- Do you or your family member have severe allergies, asthma, breathing difficulty, or respiratory illnesses?
- Do you live in a highly polluted environment or close to highways or factories?
- Do you live in an area that will experience seasonal haze or wildfires?
- Do you smoke or have a smoker in your home?
- Do you have indoor pets like a cat, dog, bird, or rodent?
- Do you live in an older home built prior to the 80s?
- Do you have a baby or children staying together?
So if you tick any one of the criteria, an air purifier is absolutely worth the shot for your health and well-being. It is a long-term investment that will supply endless clean air and protect you from falling sick. Otherwise, it could be an expensive, unnecessary purchase.
The Many Benefits Of An Air Purifier
There’s no denying that an air purifier brings many health benefits that money can’t buy. To illustrate our point, here are a few perks of owning an air cleaner:
- Protects you from allergens – Air purifiers can help with allergies by actively trapping allergens in the air, like dust mites, pollen, and pet dander, before they get to us. As 30% of adults and 40% of children in America suffer from allergies, air purifiers with a HEPA filter are highly beneficial during cold and flu season. With reduced exposure to allergens, our immune responses will be stronger and protect us from falling sick.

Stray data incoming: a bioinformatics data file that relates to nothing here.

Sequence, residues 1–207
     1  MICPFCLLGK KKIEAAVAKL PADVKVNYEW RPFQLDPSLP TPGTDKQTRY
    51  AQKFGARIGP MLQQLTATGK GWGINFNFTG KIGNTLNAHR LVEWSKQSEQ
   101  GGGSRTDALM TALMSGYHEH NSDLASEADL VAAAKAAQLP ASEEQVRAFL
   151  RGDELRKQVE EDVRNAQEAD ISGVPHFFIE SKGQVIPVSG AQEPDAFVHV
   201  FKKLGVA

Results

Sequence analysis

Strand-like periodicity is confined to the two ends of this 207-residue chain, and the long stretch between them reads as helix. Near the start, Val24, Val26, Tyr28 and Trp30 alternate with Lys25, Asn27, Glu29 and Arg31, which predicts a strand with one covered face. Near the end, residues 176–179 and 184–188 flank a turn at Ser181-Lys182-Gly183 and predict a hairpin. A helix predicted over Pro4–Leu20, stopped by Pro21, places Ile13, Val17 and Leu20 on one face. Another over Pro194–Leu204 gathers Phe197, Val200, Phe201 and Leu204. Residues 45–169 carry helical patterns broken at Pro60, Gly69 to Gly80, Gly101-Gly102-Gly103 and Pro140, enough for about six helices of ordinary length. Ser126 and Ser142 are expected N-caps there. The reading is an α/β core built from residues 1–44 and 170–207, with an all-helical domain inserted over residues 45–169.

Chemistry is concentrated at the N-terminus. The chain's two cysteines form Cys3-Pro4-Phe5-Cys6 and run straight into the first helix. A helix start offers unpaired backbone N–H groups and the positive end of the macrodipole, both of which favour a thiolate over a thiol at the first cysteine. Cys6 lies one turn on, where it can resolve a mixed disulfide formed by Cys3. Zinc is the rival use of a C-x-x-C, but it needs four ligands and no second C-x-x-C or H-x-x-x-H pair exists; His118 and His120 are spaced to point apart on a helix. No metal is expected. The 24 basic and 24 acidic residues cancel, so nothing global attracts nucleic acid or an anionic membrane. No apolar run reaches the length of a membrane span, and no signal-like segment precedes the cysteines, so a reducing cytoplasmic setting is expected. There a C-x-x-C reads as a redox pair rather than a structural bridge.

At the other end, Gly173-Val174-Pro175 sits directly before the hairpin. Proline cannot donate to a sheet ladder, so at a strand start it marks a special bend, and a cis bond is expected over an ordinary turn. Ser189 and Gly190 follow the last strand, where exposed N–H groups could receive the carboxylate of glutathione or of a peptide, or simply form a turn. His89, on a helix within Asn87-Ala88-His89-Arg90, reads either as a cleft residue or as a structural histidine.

- Reduce dust – Perfect for people with dust sensitivity. Air purifiers can help get rid of airborne dust particles, including dirt, debris, and dust mites. It will keep dust at bay and stop you from having a sneezing frenzy. Less dust buildup also means a cleaner home with fewer vacuuming effort.
- Eliminate germs – Air purifiers with UV light are great at killing germs and microbes in the air. It will create a safe home and decrease the risk of illnesses. Highly useful to families with newborns or children that are more susceptible to germs.
- Contain pet allergies – Godsend for pet owners struggling with pet allergies, air purifiers with a HEPA and carbon filter will remove triggers like fur, odors, and pet dander shed by your furry pal.
- Deal with mold – Mold can be dangerous in a humid area as it can damage your home and health, particularly for people with asthma or lung disorder. An air purifier will help remove airborne mold and halt it from spreading. To curb mold growth, a dehumidifier will also help reduce the humidity level in a home, making it inhabitable.